Category Archives: Children and Media

How Parents Can Reduce Children’s Indirect Trauma from the News

The Boston Marathon bombing, the Sandy Hook School shootings, the September 11 terrorist attacks. What thoughts and feelings come to mind at the mention of these events? That might depend on whether you were there, your personal connection to them, your age at the time, and your news media consumption during the tragedy.

I still remember my school day as an adolescent on September 11, watching non-stop news coverage, feeling despair, confusion, and deep concern for people I didn’t even know. Later, these feelings were coupled with hope and inspiration as I heard of profound heroism, all coming together to instill a deeper sense of patriotism and humanity. Yet it was a difficult time that we all had difficulty processing.

News reports of research describe how media exposure during times like these can be linked to acute stress, and sometimes has long-term effects. As Barbara J. Wilson explains in the Future of Children, children might be especially vulnerable to this effect. Continuous coverage of child abductions, war, terrorism, and even natural disasters make it difficult to protect children from disturbing news stories. Children may experience fear, anxiety, and trauma. And parents may not recognize that the symptoms their children manifest–such as physical aches, loss of appetite, nightmares, or clingy or aggressive behavior–are connected to media exposure.

What can parents do?

It depends on the child’s age, but all children benefit from limited media exposure and constructive conversations with a calm parent about what’s going on. Parents can promote coping strategies, such as exercise, emotional expression, or special play to help deal with frightening images in the media. Older children can be taught that the news overemphasizes crime and violence, and many terrible events, such as child kidnappings, occur infrequently in the real world. For younger children, it might be best to provide physical comfort and turn off the device. Permitting children under the age of eight to see graphic images in the news, even when the TV is on in the background, may present challenges, since it’s more difficult to explain these things to younger children. For more information, see the Future of Children issue on Children and Electronic Media.

Decreases in Childhood Obesity

Rates of childhood obesity have risen for decades in the U.S., and there are many reasons why its prevention and treatment ought to be a focus of public policy. For one, preschoolers who are overweight or obese are five times more likely than normal-weight preschoolers to have weight problems during adulthood. And one preschooler in eight is obese, with higher rates among some racial minorities.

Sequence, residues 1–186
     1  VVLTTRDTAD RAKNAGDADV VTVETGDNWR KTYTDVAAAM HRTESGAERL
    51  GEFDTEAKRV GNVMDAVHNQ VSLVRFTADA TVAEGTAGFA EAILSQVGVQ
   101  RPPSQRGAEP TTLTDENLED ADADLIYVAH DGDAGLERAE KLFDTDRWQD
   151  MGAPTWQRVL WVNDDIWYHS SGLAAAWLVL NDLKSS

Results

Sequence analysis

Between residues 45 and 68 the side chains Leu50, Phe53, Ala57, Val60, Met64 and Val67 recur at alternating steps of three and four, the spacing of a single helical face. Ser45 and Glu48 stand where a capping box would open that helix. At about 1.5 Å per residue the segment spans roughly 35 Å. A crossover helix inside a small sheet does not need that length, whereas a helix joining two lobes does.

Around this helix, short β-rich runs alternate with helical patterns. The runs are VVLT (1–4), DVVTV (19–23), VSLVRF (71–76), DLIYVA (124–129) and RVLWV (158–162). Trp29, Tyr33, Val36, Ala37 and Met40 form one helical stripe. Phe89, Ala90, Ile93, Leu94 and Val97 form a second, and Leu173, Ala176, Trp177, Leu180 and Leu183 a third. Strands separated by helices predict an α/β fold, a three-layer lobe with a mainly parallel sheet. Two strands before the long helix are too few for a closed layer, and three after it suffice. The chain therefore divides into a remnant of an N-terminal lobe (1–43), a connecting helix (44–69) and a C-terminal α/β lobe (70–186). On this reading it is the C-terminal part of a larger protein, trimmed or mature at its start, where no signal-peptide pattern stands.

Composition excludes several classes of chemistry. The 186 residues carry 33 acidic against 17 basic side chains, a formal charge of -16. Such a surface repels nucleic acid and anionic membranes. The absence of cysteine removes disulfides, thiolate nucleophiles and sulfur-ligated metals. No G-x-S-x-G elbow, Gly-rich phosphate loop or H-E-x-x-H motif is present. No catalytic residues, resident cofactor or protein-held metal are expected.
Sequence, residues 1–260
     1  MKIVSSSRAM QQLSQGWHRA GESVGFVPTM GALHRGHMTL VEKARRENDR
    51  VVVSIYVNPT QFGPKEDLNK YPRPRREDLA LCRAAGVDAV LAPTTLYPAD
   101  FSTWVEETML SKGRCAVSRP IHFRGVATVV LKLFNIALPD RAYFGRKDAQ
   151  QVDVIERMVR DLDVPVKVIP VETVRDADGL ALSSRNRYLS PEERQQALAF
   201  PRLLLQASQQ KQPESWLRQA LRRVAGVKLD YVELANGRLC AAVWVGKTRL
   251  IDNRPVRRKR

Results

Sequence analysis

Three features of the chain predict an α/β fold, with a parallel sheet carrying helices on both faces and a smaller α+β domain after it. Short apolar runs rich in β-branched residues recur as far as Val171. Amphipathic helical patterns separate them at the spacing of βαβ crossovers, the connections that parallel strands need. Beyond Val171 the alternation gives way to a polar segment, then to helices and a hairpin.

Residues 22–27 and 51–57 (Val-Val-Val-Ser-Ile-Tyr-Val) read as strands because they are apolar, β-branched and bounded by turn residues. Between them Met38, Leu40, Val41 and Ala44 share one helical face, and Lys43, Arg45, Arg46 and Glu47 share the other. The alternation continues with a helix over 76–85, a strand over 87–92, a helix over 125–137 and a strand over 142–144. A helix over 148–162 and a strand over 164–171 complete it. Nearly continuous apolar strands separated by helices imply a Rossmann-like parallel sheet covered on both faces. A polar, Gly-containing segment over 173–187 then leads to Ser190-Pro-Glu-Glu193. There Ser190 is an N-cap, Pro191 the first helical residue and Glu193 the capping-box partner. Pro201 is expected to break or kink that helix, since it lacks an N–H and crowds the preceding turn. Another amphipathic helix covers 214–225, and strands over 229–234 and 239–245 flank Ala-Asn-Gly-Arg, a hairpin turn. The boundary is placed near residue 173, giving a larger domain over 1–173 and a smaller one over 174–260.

Recently, the Centers for Disease Control and Prevention (CDC) found encouraging evidence that these trends might be improving. In a study of 11.6 million low-income preschoolers, the CDC found a small decrease in childhood obesity rates in 19 U.S. states and territories from 2008 to 2011. Experts attribute the good news partially to programs that encourage child exercise, an increase in breast-feeding, and improved nutrition in foods provided to low-income families through federal programs. This research suggests that the problem of childhood obesity can be ameliorated.

In the Future of Children, Ana C. Lindsay, Katarina M. Sussner, Juhee Kim, and Steven Gortmaker argue that successful interventions must involve parents from the earliest developmental stages to promote healthful practices in and outside the home. Regarding the racial and economic disparity in childhood obesity rates, Shiriki Kumanyika and Sonya Grier observe that low-income and minority children tend to watch more television than do white, non-poor children and are potentially exposed to more commercials advertising unhealthy foods. One strategy would be for Congress and the Federal Communications Commission to reduce or eliminate advertising time for non-nutritious foods aimed at children. For more recommendations on how to promote childhood health, see the Future of Children issue on Childhood Obesity.

College at a Crossroads

As the latest issue of the Future of Children reports, higher education in the US is changing dramatically. On the one hand, access to college has expanded at a remarkable rate. On the other hand, scores of students are finishing high school unprepared for college work. Meanwhile, today’s economy has left many public colleges and universities strapped for resources and unable to meet student demand. Thus, many students, particularly those from low-income families, are forced to either seek an alternative route or drop out.

One rapidly growing option for students is for-profit colleges. Also known as proprietary colleges, they often exist as large national chains led by online institutions. Future of Children authors David Deming, Claudia Goldin, and Lawrence Katz explain that for-profit colleges seem to be most helpful when they offer short, well-defined programs offering a clear path to a specific occupation. While these programs have grown to efficiently meet student demand as public institutions have struggled, their students carry higher levels of debt and are more likely to default on loans. Indeed, much of the revenue these institutions rely on comes from federal student aid. Moreover, the rate of return for these students is lower. Upon leaving school, they are more likely to be unemployed and have lower earnings than students at other institutions.

To keep up with student demand, many state systems and community colleges have sought to expand access to online learning programs. The Babson Survey Research Group estimates that by 2010, 31 percent of college and university students were enrolled in at least one online course. As Marketplace reports, more selective institutions may also begin offering more options for online learning. Examining the research, Bradford Bell and Jessica Federman find that online learning can be an effective tool in higher education, insofar as it creates conditions that are conducive to learning specific content. See the latest research on e-learning in the new issue of the Future of Children, Postsecondary Education in the United States.